References
 P. Thiemann: Grundlagen der funktionalen Programmierung, Teubner, 1994.
 A. Field, P. Harrison: Functional Programming, AddisonWesley, 1988.
 C. Reade: Elements of Functional Programming, AddisonWesley, 1989.
 R. Bird: Introduction to Functional Programming using Haskell,
Prentice Hall Press, 1998.
 P. Pepper: Funktionale Programmierung, Springer, 2002.
 M. M. T. Chakravarty, G. C. Keller: An Introduction to Computing With
Haskell, Pearson, 2002.
Also appeared as "Einführung
in die Programmierung mit Haskell", Pearson, 2004.
 S. J. Thompson: Haskell: The Craft of Functional Programming, AddisonWesley, 1999.
 S. Peyton Jones: The Implementation of Functional Programming Languages, Prentice Hall, 1987.
 J. Loeckx, K. Sieber: The Foundations of Program Verification, WileyTeubner, 1987.
 S. Peyton Jones (ed.): Haskell 98 Languages and Libraries: The Revised Report.
Cambridge University Press, 2003. (Available from http://haskell.org/onlinereport/)
 S. Peyton Jones: Tackling the Awkward Squad: monadic input/output,
concurrency, exceptions, and foreignlanguage calls in Haskell, Marktoberdorf
Summer School 2000. (Available from http://research.microsoft.com/users/simonpj/papers/marktoberdorf)
Versions of the Lecture
Not all material of the lecture is needed for all students. More precisely, there are two versions of the lecture:
 V3B This version only contains a subset of the full lecture (with 3 hours per week). It
is relevant for students in Bachelor Informatik and Master Mathematik. The
following material from the course notes is missing in V3B:
 Section 1.4 (Monads)
 "Transformation rules (10)(12)" (in Section 2.2.3)
 Section 3.4 (Pure lambda calculus)
 Section 4.3 (Type inference for Haskell programs)
 V3M This version only contains a subset of the full lecture (with 3 hours per week). It
is relevant for students in Master Informatik and Master SSE. This is also the version that is relevant for those students in Bachelor Informatik who already want to attend the masterversion of this course (they can transfer the credits obtained here as soon as they enter the master program). The
following material from the course notes is missing in V3M:
 "List comprehensions" (in Section 1.2)
 "Cyclic data objects" (in Section 1.3)
 Section 1.4.2 (Programming with monads)
 Section 2.2.3 (Semantics of complex Haskell programs)
 Section 4.3 (Type inference for Haskell programs)
Area
Theoretical Computer Science, Area of Specialization
Haskell
In the course, we use the functional programming language Haskell. Information
on Haskell can be found on the Haskell home page www.haskell.org.
To interpret or compile Haskell programs, one can use the Glasgow Haskell Compiler (GHC). For the lecture, we recommend the interactive mode of the GHC (called GHCi). To this end, we recommend to download the Haskell Platform.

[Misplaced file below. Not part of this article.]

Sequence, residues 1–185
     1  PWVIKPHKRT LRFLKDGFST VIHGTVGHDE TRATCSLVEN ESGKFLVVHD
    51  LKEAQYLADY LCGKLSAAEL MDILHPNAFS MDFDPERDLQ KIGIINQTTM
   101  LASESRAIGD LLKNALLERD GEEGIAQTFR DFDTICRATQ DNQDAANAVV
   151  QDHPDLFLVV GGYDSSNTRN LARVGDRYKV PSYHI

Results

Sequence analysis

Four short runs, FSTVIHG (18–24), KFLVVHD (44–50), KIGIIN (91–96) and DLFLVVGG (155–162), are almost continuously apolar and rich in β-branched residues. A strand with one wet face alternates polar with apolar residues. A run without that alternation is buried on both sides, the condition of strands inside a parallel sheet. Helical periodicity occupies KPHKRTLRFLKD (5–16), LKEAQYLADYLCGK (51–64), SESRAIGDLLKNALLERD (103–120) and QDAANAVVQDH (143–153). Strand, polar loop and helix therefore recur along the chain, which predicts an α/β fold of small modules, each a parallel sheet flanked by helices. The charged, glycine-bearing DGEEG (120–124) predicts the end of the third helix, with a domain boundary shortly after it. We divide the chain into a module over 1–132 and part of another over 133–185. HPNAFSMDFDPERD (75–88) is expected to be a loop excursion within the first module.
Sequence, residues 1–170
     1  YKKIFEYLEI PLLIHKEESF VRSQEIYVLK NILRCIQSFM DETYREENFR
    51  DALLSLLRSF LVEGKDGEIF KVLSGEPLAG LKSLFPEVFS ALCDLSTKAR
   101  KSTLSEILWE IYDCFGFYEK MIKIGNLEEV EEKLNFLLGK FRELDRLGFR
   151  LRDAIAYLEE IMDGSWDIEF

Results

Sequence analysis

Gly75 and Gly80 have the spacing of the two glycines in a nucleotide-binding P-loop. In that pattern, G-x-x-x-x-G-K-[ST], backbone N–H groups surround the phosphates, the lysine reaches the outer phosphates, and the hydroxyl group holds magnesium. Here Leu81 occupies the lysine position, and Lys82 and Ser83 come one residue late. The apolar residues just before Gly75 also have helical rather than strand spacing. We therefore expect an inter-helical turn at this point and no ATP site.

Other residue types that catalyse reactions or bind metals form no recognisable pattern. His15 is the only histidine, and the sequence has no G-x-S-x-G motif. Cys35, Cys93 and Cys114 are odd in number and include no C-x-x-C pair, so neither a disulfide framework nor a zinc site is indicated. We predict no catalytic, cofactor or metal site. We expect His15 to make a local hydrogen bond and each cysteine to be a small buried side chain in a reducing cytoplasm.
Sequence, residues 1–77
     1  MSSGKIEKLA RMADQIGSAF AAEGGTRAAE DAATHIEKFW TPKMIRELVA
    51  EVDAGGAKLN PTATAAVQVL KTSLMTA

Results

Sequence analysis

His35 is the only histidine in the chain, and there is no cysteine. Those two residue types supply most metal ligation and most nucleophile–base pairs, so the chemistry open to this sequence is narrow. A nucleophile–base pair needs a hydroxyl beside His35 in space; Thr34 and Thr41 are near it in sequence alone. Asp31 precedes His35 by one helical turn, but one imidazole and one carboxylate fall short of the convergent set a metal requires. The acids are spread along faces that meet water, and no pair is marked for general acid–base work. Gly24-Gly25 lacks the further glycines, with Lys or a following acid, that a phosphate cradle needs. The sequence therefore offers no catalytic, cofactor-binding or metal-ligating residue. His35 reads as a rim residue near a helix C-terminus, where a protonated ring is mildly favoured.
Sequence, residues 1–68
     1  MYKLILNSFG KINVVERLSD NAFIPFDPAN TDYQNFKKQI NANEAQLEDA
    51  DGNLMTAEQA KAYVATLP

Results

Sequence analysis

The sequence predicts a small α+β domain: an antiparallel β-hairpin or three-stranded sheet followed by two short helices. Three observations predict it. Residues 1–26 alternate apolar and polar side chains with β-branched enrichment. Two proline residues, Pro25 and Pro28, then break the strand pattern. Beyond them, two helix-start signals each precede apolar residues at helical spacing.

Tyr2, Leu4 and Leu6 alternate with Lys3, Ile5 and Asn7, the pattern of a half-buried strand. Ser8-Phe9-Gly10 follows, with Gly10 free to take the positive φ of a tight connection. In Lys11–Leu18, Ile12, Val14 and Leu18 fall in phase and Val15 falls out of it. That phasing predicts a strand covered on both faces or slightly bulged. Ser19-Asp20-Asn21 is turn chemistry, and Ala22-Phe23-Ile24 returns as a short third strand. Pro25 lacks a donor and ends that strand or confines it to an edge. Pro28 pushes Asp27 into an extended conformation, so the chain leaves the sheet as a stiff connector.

Transparencies
Here are the transparencies used in the lecture.
 Transparency 1 (April 12, 2012)
 Transparency 2 (April 12, 2012)
 Transparency 3 (April 16, 2012)
 Transparency 4 (April 20, 2012)
 Transparency 5 (April 20, 2012)
 Transparency 6 (April 30, 2012)
 Transparency 7 (May 2, 2012)
 Transparency 8 (May 7, 2012)
 Transparency 9 (May 11, 2012)
 Transparency 10 (May 11, 2012)
 Transparency 11 (May 18, 2012)
 Transparency 12 (May 21, 2012)
 Transparency 13 (May 25, 2012)
 Transparency 14 (June 4, 2012)
 Transparency 15 (June 6, 2012)
 Transparency 16 (June 11, 2012)
 Transparency 17 (June 15, 2012)
 Transparency 18 (June 15, 2012)
 Transparency 19 (July 2, 2012)
There will be a written exam on
the lecture. It takes place on
August 15, 2012. The second written exam will take place on September 10, 2012.
Registering for the exam in August should be done via Campus for Bachelor students taking the Bachelor exam and for Master students taking the Master exam. All other students should register by email (including name and matriculation id) to us until July 13, 2012.
To help you prepare, here are the exams used in the winter semester 2009/2010. Please note that the differences between the V3B and V3M versions of the lecture have changed since then. Each of these exams took 120 minutes. We put them online so that they can help you when you are preparing for the final exam. We strongly recommend you to solve these exams without looking at the solutions first! It is a good idea to solve these exams also under the conditions of the original exam (i.e., closed book and with a time limit of 120 minutes):
 Exam February 24, 2010 (V3B) / Solutions (V3B)
 Exam February 24, 2010 (V3M) / Solutions (V3M)
 Exam February 24, 2010 (V4) / Solutions (V4)
 Exam March 19, 2010 (V3B) / Solutions (V3B)
 Exam March 19, 2010 (V3M) / Solutions (V3M)
 Exam March 19, 2010 (V4) / Solutions (V4)
 Exam August 15, 2012 (V3B) / Solutions (V3B)
 Exam August 15, 2012 (V3M) / Solutions (V3M)
 Exam September 10, 2012 (V3B) / Solutions (V3B)
 Exam September 10, 2012 (V3M) / Solutions (V3M)
Due to changes in the computer science curriculum, before 2009 there have not been any written exams to determine the final grade for the course "Functional Programming". However, the following old exams were used in earlier semesters for the acquisition of the exercise certificate for students of "Diplom" curricula. Each of these exams took 90 minutes: